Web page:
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In Cairo, shooting, anger, and bracing for more confrontation

In Cairo, those protesting against President Mohamed Morsi and the Muslim Brotherhood were faced down by his loyalists. A view from the ground.


Egyptian riot police stand guard during clashes between supporters and opponents of Egyptian President Mohammed Morsi outside the presidential palace in Cairo, Egypt, Dec. 5.

Mostafa Elshemy/AP

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Sherif Azer, one of the original Tahrir Square activists who helped sweep Hosni Mubarak from power in February 2011, is matter-of-fact, as if what is happening today in Cairo was somehow inevitable.

“We’re just waiting until enough people are here," he says. "Then we will attack. It has to be this way.”

Mr. Azer is among several hundred people gathered a block away from the presidential palace. Hours earlier, Muslim Brotherhood supporters, armed with clubs, attacked a sit-in outside the palace that started the day before at the end of a huge protest march against President Mohamed Morsi, himself a member of the Muslim Brotherhood.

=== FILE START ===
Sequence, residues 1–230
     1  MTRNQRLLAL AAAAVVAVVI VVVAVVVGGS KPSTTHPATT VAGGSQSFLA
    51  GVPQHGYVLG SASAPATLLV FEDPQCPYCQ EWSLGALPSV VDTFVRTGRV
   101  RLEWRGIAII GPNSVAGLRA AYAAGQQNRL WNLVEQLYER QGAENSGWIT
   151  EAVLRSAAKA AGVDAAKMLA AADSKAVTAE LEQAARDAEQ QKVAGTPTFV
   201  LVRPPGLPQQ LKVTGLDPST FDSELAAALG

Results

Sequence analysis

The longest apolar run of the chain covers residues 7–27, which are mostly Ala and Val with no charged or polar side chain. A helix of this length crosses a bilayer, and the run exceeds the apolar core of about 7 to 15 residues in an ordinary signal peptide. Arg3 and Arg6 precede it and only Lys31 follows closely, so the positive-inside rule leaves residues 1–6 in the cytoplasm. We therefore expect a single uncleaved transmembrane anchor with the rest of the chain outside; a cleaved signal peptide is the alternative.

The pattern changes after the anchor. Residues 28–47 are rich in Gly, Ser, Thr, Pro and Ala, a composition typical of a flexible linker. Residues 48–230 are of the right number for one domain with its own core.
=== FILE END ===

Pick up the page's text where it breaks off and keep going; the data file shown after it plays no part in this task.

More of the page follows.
“The Muslim Brotherhood have been incredibly stupid,” says Azer. “Nobody was fighting them, nobody was questioning their legitimacy.”

Then, on Nov. 22, President Morsi issued a decree, sidelining the judicial system, and rushed through a controversial draft constitution, tapping the majority of Islamists in the constituent assembly.

“And suddenly everything has changed. They [Islamists] are not looking for dialogue anymore. It is an open confrontation now,” says Azer.


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